Yesterday, April 7, 2011, saw a historic moment in igaming as the District of Columbia became the first American jurisdiction to enact a law that allows online poker wagering. The amendment, called the “Lottery Modernization Act of 2010” for the year it was introduced, is part of a larger budget bill passed by the D.C. Council in December 2010 and enacted after passing through Congress unblocked. This amendment changes prior D.C. gaming law by redefining the term “lotteries” to include not only games of chance, but also games of skill such as poker.
The law allows the D.C. Lottery to offer poker over the Internet to players located within the District. While additional steps must be taken by the D.C. government to actually implement online poker play, this law is a promising first step that opens the door for other states, as well as the federal government, to follow suit in legalizing online poker.
The law provides the basic enabling legislation that authorizes the D.C. Lottery to offer online poker, but there are additional hurdles still to come. The D.C. municipal government must enact regulations outlining the exact terms of play to ensure that all potential offerings comply with appropriate federal laws. Other D.C. regulations that refer to a lottery as a “game of chance” must be amended to conform to the new definition of “lottery.” Regulations regarding the administration of online gaming must be drafted and pass through a public comment period. Finally, the D.C. Lottery will have to decide which online games to introduce, and work with approved lottery contractors and vendors to implement the games.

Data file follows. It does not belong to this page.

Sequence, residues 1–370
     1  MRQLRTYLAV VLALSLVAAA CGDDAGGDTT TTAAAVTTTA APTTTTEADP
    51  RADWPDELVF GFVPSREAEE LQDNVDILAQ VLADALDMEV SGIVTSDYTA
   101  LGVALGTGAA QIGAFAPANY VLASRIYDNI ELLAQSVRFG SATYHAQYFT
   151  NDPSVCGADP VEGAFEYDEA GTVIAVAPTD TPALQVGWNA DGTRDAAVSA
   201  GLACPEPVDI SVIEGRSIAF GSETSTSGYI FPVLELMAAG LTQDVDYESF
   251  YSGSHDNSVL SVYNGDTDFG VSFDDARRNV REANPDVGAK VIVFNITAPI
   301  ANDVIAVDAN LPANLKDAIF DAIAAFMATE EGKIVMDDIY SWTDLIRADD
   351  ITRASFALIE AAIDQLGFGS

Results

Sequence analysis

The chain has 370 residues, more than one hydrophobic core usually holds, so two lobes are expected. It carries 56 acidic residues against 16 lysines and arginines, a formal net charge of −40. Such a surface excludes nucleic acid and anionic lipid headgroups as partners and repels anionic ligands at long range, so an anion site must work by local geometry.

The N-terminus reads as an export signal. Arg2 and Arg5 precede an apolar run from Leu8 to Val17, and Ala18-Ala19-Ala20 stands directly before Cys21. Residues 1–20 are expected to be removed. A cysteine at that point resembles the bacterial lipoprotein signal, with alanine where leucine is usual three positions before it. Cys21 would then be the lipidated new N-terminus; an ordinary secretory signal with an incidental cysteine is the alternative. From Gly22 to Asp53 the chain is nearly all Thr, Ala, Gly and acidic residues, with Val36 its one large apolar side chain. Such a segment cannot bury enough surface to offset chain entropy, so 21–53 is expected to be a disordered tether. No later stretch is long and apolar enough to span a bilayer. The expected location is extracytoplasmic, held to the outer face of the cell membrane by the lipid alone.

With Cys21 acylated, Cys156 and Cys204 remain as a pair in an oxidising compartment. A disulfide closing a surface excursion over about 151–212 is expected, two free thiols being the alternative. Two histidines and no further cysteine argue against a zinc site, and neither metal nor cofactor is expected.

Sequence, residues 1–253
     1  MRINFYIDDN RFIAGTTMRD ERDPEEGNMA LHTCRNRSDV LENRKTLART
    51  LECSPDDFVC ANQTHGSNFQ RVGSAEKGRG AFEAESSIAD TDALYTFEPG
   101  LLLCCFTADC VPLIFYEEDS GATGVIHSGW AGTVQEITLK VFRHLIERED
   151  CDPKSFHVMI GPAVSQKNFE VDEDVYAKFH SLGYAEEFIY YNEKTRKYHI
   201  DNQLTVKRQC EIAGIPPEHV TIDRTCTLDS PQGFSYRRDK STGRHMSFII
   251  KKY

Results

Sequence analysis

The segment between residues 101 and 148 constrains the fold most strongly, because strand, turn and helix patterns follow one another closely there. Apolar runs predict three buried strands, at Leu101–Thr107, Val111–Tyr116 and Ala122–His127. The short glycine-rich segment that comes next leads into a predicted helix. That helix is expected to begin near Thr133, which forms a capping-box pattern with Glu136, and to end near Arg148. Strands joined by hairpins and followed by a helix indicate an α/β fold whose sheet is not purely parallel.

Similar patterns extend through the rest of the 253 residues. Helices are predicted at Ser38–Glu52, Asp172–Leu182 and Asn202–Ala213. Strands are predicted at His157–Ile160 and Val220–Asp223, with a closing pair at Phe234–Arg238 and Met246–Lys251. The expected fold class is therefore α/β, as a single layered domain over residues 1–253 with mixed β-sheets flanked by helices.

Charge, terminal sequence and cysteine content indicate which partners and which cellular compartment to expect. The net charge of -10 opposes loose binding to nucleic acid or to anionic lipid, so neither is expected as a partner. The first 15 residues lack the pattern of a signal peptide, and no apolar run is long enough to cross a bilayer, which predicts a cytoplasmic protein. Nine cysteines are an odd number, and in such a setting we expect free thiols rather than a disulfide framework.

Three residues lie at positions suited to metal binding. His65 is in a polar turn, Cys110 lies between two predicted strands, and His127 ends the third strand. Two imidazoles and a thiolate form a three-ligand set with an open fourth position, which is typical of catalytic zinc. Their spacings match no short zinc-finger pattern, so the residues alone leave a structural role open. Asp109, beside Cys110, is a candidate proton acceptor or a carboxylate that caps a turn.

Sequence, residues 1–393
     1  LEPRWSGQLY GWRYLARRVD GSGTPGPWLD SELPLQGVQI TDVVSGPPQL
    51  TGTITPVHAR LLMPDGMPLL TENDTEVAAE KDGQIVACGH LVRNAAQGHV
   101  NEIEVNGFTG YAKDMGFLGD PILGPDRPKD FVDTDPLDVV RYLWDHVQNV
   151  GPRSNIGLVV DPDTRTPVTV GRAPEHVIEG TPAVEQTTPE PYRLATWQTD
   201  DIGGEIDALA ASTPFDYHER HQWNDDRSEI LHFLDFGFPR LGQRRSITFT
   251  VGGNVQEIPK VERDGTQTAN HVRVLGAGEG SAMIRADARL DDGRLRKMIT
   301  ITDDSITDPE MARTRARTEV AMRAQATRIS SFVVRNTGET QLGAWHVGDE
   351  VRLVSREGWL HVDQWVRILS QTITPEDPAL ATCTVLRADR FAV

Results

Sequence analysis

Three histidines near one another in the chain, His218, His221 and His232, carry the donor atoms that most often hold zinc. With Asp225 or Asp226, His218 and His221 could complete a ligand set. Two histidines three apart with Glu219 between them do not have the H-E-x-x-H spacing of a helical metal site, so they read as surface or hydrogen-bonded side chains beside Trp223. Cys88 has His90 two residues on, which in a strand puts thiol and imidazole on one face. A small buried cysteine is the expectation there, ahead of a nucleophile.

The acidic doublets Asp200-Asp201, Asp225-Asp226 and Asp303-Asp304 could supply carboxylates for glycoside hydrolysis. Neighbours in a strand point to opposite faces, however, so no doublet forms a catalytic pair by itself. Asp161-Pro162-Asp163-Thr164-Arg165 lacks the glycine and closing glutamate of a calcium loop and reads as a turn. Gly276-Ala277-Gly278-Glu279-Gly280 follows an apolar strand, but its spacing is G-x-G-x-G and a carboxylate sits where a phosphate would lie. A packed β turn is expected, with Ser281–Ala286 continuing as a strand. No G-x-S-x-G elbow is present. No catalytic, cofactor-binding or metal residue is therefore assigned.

The work remaining to be done does not diminish the significance of this new law. Regardless of when the D.C. Lottery begins offering online poker, it is momentous that a U.S. jurisdiction now has a law on the books that authorizes online poker. We hope this changing legal landscape will give prosecutors pause before bringing new online poker-related lawsuits, and that D.C.’s new law will provide inspiration and momentum for the passage of similar state and federal laws.